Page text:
Project grant to investigate challenges for managing waste in construction
Professor Peter Davis, Chair, Construction Management at UON will lead a team who aim to challenge existing waste management strategies in construction.
Awarded a $146, 292 NSW Environmental Trust Environmental Research grant, Professor Peter Davis will work with Associate Professor Willy Sher and Dr Warren Reilly to evaluate existing strategies and develop a theoretical model to substantially reduce unsorted waste materials leaving construction sites.
Currently construction in Australia produces more than 19 million tonnes of waste per annum – 45 per cent of which is deposited directly in landfill.
This results in increased energy consumption, contamination, landfill reliance and depletion of new finite resources.
Peter says that the focus on waste management in the construction industry is way overdue and is bound to become an essential practice. “It won’t be too long before waste management becomes an integral part of procedure in the same way that safety is applied to contemporary practice in construction management,” Peter said.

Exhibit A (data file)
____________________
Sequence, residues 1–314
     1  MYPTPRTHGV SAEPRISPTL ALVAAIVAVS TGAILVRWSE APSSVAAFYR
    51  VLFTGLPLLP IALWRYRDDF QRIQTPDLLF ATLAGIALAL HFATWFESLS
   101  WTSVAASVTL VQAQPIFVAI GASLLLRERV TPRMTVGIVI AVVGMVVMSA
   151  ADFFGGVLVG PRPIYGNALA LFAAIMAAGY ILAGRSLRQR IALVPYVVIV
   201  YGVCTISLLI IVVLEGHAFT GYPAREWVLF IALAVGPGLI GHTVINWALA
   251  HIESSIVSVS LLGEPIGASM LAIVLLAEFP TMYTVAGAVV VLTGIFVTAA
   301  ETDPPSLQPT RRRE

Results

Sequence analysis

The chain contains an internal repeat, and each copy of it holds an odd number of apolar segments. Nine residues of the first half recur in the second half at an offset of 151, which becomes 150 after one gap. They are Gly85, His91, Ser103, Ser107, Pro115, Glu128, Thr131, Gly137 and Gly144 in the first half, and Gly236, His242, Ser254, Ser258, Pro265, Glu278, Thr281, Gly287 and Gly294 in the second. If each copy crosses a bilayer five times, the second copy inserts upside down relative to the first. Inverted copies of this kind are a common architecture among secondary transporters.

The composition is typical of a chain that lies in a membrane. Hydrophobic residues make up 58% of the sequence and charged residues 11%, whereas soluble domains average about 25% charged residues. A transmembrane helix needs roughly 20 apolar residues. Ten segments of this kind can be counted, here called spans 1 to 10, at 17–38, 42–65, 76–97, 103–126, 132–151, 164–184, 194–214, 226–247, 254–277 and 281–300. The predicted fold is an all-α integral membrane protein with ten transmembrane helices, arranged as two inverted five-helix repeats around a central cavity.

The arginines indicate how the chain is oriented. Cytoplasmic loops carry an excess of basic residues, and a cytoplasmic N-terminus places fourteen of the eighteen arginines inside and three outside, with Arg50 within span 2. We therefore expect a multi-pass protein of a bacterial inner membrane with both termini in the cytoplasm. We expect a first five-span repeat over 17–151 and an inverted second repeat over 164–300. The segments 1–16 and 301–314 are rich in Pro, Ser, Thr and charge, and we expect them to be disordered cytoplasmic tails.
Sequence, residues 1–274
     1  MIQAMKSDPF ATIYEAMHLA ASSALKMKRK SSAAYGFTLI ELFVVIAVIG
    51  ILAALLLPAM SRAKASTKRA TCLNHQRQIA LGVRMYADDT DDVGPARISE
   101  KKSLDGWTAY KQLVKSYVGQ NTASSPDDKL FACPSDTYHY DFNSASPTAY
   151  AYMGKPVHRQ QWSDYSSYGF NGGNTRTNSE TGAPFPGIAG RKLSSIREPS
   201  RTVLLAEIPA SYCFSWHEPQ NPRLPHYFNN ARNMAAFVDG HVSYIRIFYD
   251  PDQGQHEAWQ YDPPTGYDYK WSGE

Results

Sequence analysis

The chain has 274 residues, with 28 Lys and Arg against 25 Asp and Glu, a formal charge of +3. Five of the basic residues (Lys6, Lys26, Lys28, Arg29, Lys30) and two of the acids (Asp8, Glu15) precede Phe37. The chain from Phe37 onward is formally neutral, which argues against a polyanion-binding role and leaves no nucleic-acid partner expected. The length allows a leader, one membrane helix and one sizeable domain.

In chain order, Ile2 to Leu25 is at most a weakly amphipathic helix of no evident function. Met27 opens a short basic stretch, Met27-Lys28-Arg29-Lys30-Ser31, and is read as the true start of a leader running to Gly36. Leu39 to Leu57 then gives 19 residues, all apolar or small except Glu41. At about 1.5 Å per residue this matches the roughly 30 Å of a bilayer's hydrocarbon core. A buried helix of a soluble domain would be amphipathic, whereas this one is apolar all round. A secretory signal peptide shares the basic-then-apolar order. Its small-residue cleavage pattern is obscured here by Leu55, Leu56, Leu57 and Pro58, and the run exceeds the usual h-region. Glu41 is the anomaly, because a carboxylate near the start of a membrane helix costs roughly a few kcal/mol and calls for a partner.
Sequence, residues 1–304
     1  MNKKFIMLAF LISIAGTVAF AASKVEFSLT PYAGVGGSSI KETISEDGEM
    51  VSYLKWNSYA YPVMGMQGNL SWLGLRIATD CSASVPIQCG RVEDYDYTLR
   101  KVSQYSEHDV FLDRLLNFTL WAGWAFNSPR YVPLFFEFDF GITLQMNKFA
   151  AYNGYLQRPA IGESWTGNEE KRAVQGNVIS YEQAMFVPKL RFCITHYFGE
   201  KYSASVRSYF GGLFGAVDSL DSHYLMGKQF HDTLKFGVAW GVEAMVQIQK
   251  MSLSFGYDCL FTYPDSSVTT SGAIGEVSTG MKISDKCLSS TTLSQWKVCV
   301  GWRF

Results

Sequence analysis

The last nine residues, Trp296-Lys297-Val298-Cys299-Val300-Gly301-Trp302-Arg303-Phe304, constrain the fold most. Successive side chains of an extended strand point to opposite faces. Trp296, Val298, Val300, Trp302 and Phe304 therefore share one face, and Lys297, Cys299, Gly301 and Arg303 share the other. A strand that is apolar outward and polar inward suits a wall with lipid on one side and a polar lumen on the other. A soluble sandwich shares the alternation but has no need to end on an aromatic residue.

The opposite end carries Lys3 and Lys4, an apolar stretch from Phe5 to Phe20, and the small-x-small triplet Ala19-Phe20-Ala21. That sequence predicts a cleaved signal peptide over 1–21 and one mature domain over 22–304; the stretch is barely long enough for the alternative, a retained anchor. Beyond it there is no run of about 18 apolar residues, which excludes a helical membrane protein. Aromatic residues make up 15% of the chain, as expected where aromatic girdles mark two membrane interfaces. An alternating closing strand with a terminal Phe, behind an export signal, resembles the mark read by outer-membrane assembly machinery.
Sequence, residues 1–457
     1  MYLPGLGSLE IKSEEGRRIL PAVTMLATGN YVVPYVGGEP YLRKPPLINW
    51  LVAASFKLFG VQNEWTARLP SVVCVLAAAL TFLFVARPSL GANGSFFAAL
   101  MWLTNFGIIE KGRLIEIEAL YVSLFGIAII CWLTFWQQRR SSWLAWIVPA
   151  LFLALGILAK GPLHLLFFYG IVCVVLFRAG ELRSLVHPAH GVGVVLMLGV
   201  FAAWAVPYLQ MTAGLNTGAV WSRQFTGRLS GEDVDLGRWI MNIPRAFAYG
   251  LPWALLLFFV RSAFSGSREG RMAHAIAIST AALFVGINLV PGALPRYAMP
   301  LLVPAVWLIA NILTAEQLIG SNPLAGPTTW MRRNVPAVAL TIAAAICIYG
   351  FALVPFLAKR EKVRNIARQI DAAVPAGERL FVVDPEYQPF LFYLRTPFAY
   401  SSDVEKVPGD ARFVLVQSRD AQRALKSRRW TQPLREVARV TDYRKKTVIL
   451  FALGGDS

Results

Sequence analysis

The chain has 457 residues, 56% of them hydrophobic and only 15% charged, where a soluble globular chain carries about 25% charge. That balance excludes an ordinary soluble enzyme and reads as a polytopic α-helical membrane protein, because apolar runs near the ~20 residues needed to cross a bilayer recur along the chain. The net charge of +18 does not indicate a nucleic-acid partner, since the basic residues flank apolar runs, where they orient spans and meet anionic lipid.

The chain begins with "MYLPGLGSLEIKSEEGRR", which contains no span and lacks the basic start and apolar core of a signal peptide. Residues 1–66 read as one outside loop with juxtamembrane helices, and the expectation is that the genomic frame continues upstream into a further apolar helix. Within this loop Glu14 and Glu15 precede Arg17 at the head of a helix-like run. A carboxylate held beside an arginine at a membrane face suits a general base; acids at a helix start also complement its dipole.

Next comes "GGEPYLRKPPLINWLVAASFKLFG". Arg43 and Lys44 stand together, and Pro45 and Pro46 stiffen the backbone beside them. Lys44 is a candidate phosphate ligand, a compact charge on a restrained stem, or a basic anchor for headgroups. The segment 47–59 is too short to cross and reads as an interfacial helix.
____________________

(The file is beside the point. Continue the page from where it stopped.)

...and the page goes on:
New benchmarking processes are required to deal with this issue and these could include baggage handling technologies and “Uber” type logistics.
Commencing in 2017, the project aims to overhaul existing strategies to make them more environmentally-friendly and cost-effective for Industry.
Only eight grants were awarded by the NSW Environmental Trust from 187 applicants in a strongly competitive field.
Direct Industry supporters of this project include: Hansen Yuncken, Veolia, Cross Connections Consulting, Brookfield Multiplex and PSG Holdings.
Professor Davis would also like to thank Lend Lease and John Holland for their support.
- Prevention of heart attacks and stroke a step closer
- Research seeks to empower students and teachers to thrive in an artificial intelligence world
- Antiseptic resistance in bacteria could lead to next-gen plastics
- Digital Humanities workshop up skills FEDUA researchers
- Marine heatwaves a bigger threat to coral reefs than previously thought, scientists find